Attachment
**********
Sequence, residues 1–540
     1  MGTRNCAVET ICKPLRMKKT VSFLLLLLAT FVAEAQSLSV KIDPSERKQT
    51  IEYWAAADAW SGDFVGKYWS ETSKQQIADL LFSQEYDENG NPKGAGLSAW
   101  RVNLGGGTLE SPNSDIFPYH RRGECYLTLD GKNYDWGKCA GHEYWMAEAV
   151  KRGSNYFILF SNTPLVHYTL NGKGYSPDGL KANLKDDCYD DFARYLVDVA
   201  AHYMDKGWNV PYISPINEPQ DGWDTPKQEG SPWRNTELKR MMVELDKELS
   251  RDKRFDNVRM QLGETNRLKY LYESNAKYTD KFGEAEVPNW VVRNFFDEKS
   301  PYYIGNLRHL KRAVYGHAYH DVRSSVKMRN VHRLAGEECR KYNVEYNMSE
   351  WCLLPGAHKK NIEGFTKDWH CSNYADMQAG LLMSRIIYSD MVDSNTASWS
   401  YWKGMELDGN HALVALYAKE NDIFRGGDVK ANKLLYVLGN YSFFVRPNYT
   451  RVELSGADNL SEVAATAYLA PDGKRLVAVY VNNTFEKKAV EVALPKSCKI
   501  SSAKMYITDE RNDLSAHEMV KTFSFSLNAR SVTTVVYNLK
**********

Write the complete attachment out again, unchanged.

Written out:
Sequence, residues 1–540
     1  MGTRNCAVET ICKPLRMKKT VSFLLLLLAT FVAEAQSLSV KIDPSERKQT
    51  IEYWAAADAW SGDFVGKYWS ETSKQQIADL LFSQEYDENG NPKGAGLSAW
   101  RVNLGGGTLE SPNSDIFPYH RRGECYLTLD GKNYDWGKCA GHEYWMAEAV
   151  KRGSNYFILF SNTPLVHYTL NGKGYSPDGL KANLKDDCYD DFARYLVDVA
   201  AHYMDKGWNV PYISPINEPQ DGWDTPKQEG SPWRNTELKR MMVELDKELS
   251  RDKRFDNVRM QLGETNRLKY LYESNAKYTD KFGEAEVPNW VVRNFFDEKS
   301  PYYIGNLRHL KRAVYGHAYH DVRSSVKMRN VHRLAGEECR KYNVEYNMSE
   351  WCLLPGAHKK NIEGFTKDWH CSNYADMQAG LLMSRIIYSD MVDSNTASWS
   401  YWKGMELDGN HALVALYAKE NDIFRGGDVK ANKLLYVLGN YSFFVRPNYT
   451  RVELSGADNL SEVAATAYLA PDGKRLVAVY VNNTFEKKAV EVALPKSCKI
   501  SSAKMYITDE RNDLSAHEMV KTFSFSLNAR SVTTVVYNLK